[47] As I have said the parties assert that one claim or the other is the primary claim. In my view paragraphs 1 to 3 and arguably paragraphs, 4 and 5 to 16 are allegations relating solely to the statutory claim for the debt. It is arguable as to whether the credit agreement in relation to costs is a matter of itself that could be enforced by a Tribunal (paragraphs 17-19). It seems to me that it is in the claim for relief that the contractual claim (as distinct from the statutory claim) is elevated as the primary claim. Whether this is a drafting issue which simply reflects the sequence in which the paragraphs 1-16 were set out in the claim is arguable. In my view the contract, to the extent that it is properly pleaded in the claim at all, does not seem to be particularised as required by the UCPR . For example, there is no allegation that the roofing goods were supplied or that services were provided in terms of paragraph 3 of the claim. In my view the whole of the claim is primarily a claim made to enforce a debt created by virtue of the process described in the Act.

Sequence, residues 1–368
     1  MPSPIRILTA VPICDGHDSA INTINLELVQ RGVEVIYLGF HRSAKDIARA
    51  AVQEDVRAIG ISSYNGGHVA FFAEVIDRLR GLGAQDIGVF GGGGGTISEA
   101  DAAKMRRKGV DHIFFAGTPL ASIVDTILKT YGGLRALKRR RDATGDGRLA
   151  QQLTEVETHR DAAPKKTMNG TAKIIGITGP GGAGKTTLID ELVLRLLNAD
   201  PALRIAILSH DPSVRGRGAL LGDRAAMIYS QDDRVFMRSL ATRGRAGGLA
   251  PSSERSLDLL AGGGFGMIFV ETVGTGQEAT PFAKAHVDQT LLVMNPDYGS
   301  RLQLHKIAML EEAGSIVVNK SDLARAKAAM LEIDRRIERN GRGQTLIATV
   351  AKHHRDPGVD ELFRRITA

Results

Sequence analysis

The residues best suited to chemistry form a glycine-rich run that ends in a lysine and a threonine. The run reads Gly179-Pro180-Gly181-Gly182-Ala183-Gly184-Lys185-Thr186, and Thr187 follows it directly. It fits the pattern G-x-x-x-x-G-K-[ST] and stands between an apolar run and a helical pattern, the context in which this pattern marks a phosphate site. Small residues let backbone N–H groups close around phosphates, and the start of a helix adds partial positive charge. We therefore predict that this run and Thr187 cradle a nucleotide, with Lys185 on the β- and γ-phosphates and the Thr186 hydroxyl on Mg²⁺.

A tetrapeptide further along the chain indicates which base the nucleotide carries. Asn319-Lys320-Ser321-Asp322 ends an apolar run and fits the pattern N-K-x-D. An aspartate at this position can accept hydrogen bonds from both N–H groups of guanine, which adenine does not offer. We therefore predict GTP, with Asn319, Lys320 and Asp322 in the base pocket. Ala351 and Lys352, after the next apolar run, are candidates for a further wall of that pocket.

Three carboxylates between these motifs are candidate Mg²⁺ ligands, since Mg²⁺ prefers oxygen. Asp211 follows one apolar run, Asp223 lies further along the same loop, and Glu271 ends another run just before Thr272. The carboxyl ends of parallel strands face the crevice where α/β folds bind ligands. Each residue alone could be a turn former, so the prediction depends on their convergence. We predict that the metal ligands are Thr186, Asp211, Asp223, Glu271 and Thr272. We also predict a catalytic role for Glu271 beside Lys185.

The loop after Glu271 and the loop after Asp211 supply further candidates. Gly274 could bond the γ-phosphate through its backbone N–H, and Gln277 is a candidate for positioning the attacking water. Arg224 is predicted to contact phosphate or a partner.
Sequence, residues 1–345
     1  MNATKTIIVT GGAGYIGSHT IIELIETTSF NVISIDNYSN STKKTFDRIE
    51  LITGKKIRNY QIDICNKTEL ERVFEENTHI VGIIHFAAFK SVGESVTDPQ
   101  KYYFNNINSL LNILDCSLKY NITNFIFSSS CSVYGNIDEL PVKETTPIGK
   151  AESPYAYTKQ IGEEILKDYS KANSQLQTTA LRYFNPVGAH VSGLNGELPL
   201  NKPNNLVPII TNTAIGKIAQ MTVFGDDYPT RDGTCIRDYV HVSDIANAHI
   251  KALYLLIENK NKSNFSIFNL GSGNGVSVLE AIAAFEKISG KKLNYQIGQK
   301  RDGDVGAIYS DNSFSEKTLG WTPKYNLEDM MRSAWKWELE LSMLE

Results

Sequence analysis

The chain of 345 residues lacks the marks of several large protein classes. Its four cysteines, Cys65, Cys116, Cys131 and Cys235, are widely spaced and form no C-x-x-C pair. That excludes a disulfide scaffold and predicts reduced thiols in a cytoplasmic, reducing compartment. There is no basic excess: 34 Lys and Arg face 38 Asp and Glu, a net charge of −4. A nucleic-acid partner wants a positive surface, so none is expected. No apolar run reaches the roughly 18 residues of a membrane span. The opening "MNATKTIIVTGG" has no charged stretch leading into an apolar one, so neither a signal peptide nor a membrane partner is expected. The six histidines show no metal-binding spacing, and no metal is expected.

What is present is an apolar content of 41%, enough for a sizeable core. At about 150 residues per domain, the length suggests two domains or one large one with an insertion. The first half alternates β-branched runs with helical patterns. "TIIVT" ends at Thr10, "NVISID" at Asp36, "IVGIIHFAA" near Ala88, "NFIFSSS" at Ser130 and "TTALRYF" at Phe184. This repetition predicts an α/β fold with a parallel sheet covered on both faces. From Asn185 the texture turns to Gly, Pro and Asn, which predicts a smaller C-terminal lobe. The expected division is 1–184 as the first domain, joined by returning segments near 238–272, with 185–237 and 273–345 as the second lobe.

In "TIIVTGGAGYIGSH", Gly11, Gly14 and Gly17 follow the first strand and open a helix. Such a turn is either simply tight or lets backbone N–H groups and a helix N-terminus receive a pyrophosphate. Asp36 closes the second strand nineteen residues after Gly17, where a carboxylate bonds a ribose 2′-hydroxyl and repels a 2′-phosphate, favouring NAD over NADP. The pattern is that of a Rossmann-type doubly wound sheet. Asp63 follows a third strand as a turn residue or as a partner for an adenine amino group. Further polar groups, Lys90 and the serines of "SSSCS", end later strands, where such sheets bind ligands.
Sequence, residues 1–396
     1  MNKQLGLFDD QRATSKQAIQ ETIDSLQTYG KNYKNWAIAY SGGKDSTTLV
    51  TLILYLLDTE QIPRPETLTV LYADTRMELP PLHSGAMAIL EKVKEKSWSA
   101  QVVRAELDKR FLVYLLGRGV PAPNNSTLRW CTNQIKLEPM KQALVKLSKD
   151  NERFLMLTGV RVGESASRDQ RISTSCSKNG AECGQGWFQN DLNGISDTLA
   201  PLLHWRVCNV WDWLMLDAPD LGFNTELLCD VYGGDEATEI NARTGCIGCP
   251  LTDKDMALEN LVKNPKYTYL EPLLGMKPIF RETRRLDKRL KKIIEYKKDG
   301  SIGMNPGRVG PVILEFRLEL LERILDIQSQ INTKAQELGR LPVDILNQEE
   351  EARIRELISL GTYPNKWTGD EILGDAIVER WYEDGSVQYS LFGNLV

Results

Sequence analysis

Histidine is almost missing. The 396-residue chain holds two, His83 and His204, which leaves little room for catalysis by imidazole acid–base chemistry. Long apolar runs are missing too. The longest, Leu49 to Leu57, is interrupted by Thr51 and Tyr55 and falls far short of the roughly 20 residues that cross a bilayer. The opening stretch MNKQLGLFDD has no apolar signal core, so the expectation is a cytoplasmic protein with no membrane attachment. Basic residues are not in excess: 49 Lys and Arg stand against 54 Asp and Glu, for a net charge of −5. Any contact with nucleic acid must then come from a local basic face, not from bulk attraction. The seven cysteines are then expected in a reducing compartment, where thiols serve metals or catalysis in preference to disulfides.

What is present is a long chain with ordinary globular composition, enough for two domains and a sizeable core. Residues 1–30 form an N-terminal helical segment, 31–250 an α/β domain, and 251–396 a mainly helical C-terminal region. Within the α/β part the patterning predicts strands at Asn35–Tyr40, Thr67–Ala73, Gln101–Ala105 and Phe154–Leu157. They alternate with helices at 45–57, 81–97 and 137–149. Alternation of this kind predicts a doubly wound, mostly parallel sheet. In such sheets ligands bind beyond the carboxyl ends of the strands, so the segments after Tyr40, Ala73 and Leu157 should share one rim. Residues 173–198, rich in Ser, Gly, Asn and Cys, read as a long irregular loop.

[48] The Tribunal undoubtedly has jurisdiction to hear and determine a "contract claim" but does it also have jurisdiction to hear and determine a claim to enforce a debt created by the Act? In my view and for the reasons that follow the discussion of relevant authorities (infra), the Tribunal plainly does not.


[49] The respondent's submission that section 19 was not, in effect, an empowering provision does not seem to me to be sustainable. It seems to me that the words in section 19 (and elsewhere in the legislation as described previously) "court of competent jurisdiction" would be superfluous if the Tribunal was authorised to hear and determine the statutory debt. Section 98 specifically empowers the Tribunal to stay the operation of a review but this power is provided pending an appeal under section 100 to a Court. In my view if, as was argued by the respondent, the Tribunal had jurisdiction pursuant to section 19 of the Act then the words "court of competent jurisdiction" would be superfluous.